's Guide to the TOEFL® Test Podcast

Teachers may copy these scripts for use in class. You may link to this page, but it is not permitted to post these scripts on another website or to host the files on another server. All scripts are copyright 2005-2006 by the Center for Educational Development.

Monday, October 03, 2005

TOEFL® Podcast #1


Welcome to the TOEFL® Podcast! If you are studying to take the Test of English as a Foreign Language, either in the paper-based, computer-based, or the new Next Generation TOEFL® format, then this podcast is for you. The TOEFL® Podcast will help anyone studying for an exam that requires listening comprehension, including the IELTS and other similar exams throughout the world.

Each weekly TOEFL® Podcast will have four parts. First, you’ll hear a portion of a conversation or a lecture similar to one you may hear in your classes in the United States. This first portion is done slowly, to give you a chance to pick up the new terms and vocabulary. The second part of the podcast is an explanation of some of the key vocabulary and expressions from the sample conversation or lecture. Third, you’ll hear the conversation or lecture again, but this time at the normal speed that you will hear in the actual TOEFL® examination. Finally, we ask you a few comprehension questions to check your understanding, similar to what you may hear on the TOEFL®.

The approach we use in this podcast to prepare you for the listening comprehension section of the TOEFL® or similar exams is very different from other books or courses. Many people think that you should listen to native speakers talking as they usually do—very fast—so that you can get used to understanding them. Unfortunately, for many learners of English, this is too fast for them to understand much of what is said. Sometimes you may only understand 40-50% of what was said. This is a very inefficient use of time, since you can only pick up new words and phrases when you can understand their meaning. Listening to native speakers only speaking at a native rate means picking up fewer new words in English than if you listened to them more slowly.

Our approach is very different. Here, you will listen to English conversations using the same words or phrases as a native speaker uses, but more slowly and clearly. This way, you can actually understand and pick up these words. After a couple of times listening to the podcast, you will be able to comprehend up to 80-90% of it. This is a much better and more efficient use of your time. As your English gets better and better by listening, you will be able to understand what native speakers are saying when they speak fast.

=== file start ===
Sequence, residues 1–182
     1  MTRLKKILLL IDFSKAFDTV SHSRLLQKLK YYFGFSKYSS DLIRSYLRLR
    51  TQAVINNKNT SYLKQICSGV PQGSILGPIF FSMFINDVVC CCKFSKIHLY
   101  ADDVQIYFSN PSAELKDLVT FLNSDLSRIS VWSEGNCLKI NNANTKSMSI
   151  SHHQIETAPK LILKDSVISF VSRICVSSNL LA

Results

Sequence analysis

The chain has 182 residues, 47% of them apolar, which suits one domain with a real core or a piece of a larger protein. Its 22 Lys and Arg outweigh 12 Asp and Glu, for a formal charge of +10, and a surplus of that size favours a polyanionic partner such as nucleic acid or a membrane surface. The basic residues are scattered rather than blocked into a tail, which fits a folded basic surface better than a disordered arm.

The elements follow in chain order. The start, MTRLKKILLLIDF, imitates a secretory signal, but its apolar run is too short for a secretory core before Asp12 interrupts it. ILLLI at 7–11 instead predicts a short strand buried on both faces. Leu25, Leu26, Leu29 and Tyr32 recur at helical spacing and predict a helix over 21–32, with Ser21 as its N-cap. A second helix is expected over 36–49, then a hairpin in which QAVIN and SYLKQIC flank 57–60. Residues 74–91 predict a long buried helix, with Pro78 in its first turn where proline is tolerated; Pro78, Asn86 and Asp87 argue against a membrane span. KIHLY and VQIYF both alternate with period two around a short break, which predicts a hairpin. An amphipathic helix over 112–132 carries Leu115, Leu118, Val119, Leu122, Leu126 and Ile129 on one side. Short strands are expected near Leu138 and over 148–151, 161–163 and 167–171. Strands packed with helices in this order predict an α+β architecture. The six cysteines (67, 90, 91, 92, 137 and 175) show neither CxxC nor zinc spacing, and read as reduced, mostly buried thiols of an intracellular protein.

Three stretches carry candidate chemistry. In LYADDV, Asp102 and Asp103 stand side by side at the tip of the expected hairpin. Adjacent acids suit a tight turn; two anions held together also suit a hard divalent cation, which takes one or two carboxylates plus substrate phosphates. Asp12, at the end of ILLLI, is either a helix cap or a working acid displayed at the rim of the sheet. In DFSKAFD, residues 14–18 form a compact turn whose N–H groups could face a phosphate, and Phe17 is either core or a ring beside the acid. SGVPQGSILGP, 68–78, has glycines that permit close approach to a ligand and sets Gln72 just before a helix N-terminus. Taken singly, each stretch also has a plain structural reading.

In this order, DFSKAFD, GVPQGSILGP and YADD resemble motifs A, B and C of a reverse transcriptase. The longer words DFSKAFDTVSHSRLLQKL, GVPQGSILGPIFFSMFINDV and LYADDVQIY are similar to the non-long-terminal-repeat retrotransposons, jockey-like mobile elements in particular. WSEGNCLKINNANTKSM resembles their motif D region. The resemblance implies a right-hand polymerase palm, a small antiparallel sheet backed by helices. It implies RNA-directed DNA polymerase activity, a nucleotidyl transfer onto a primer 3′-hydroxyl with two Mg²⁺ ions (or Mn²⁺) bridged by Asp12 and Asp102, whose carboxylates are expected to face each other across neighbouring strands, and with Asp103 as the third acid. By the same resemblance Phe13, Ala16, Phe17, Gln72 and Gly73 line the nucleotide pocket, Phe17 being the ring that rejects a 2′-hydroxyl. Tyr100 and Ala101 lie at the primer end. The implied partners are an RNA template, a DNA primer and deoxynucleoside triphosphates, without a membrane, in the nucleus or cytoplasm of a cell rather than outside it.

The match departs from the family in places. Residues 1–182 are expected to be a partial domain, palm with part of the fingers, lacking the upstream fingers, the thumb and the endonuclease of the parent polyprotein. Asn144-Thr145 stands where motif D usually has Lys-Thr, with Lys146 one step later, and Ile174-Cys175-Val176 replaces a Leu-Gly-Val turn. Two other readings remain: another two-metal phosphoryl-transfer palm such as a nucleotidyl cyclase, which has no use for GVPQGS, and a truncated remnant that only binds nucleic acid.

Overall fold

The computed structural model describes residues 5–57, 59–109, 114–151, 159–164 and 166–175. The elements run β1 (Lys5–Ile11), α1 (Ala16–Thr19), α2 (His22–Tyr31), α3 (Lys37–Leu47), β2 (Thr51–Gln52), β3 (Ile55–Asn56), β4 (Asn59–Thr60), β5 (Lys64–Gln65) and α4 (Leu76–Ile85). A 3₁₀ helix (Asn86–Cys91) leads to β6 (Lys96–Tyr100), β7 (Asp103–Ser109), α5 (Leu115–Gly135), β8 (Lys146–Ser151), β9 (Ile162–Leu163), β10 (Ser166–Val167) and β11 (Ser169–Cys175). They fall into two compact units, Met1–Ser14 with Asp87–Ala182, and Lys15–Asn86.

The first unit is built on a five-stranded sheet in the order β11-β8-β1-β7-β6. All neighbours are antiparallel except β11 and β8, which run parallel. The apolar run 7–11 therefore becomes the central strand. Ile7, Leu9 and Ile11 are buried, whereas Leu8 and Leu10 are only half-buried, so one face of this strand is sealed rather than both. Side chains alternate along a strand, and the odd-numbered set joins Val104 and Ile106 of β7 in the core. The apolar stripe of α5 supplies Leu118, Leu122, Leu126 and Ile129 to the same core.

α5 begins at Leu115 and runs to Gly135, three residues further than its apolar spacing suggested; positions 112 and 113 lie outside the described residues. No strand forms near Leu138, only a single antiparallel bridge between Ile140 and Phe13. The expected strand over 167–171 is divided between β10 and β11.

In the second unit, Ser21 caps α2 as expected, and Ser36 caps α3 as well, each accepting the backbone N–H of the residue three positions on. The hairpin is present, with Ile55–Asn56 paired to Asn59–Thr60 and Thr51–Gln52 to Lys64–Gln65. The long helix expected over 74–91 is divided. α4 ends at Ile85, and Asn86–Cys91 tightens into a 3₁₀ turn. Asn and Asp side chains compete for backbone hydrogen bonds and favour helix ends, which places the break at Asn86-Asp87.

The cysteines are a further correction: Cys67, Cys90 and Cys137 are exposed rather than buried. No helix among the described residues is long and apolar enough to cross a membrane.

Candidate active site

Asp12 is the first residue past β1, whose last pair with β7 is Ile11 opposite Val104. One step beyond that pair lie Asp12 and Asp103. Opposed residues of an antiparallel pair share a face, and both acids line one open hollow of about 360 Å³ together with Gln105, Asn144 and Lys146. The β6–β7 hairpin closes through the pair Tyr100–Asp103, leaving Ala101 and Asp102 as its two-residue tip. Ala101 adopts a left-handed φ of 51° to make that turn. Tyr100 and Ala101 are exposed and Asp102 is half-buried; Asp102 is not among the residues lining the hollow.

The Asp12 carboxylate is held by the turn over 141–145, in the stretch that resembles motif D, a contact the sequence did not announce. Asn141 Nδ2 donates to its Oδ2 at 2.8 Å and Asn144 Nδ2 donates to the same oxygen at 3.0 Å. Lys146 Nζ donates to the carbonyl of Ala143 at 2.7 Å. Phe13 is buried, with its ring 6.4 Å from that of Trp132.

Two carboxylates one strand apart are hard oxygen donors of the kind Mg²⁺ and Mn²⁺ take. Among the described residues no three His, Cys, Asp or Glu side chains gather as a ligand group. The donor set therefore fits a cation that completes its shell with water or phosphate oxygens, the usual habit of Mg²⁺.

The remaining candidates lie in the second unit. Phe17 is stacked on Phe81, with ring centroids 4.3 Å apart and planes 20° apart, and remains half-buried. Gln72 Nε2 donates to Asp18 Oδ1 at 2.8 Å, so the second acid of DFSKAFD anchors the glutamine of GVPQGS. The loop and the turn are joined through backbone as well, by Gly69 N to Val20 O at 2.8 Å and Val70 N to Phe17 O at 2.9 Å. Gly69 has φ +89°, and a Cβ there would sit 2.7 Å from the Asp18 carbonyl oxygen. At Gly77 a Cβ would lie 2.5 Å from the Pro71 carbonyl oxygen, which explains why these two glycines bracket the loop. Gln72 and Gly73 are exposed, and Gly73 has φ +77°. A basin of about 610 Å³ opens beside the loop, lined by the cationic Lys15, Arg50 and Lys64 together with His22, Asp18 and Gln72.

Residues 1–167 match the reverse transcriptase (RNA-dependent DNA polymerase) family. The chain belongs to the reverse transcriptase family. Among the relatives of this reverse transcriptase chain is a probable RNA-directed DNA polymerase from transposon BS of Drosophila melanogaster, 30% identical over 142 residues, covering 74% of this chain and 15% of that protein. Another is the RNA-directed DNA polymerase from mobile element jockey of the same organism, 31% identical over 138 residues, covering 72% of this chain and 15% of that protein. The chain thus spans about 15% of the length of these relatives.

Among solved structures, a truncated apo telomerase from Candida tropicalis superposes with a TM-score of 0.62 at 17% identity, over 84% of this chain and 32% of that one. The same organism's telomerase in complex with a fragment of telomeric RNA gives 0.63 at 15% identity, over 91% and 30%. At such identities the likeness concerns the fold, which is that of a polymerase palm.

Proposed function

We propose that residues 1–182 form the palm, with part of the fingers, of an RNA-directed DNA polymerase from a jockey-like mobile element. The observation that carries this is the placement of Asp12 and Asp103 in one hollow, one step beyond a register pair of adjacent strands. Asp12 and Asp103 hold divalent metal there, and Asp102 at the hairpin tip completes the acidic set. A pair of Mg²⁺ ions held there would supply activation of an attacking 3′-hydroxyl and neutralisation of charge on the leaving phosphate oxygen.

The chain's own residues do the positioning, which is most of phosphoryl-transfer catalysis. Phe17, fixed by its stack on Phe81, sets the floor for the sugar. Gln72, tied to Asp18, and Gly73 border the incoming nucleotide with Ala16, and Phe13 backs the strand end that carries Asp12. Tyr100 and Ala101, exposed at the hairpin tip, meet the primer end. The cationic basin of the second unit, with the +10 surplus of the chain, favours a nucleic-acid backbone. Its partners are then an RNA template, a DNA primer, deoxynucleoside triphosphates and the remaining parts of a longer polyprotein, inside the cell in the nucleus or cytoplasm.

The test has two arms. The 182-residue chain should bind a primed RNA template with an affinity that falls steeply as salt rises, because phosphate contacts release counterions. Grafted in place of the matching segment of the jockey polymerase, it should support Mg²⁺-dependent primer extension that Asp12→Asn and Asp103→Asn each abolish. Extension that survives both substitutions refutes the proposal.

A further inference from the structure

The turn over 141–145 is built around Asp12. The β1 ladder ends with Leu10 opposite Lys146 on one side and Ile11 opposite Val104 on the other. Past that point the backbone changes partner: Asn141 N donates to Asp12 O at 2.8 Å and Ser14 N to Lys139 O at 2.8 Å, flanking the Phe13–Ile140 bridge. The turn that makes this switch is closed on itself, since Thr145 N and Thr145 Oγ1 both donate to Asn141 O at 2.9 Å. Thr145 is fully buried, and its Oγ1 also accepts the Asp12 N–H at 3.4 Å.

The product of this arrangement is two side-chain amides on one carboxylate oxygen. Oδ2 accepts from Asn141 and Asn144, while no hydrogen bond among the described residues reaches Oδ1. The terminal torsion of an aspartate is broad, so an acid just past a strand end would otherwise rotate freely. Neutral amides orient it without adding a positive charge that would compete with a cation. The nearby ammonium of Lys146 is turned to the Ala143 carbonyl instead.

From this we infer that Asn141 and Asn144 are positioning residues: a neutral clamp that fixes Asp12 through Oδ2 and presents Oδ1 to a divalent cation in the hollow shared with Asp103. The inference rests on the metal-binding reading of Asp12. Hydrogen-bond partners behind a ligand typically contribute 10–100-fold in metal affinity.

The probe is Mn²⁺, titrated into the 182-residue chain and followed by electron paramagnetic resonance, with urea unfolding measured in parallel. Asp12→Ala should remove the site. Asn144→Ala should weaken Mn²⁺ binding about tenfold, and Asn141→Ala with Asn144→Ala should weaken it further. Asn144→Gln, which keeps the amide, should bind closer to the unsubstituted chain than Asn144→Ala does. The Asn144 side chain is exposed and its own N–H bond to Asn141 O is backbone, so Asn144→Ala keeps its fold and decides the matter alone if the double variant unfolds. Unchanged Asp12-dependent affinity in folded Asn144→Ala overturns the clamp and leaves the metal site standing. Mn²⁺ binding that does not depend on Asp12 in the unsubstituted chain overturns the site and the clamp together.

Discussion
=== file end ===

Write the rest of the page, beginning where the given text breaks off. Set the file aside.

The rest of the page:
Of course, the TOEFL® exam will have native speakers speaking at the regular—that is, a fast—rate. You have to eventually be able to understand that type of talking. But first you have to expand your vocabulary and pick up the new words and phrases. Then you can worry about understanding at a faster speed.

Most TOEFL® books give you sample listening exercises and introduce you to the types of questions on the test, but they don’t actually teach you any of the English that you’ll need to know to succeed on the TOEFL®. In the TOEFL® Podcast, we explain words and phrases that will help you improve your ability to understand spoken English.

TOEFL® Podcast is currently produced by a team of volunteers at the Center for Educational Development, in Los Angeles, California. My name is Dr. Jeff McQuillan, and I’m the host of TOEFL® Podcast. I have been teaching English as a Second Language for many years both here in the United States and in other countries. I received my Ph.D., my doctorate, in applied linguistics and education from the University of Southern California. I taught as a university professor for several years here in California and in Arizona. I have written many articles and books on the teaching English.

Our podcasts are short, so they won’t be as long as the conversations or lectures you may hear on the TOEFL®, especially the new Next Generation TOEFL® that will be used beginning in 2005 and 2006. However, you will still pick up new terms and learn how to listen to lectures and conversations. We look forward to seeing you next time on the TOEFL® Podcast.

Note: TOEFL® is a registered trademark of the Educational Testing Service, which does not endorse and was not involved in the production of this podcast.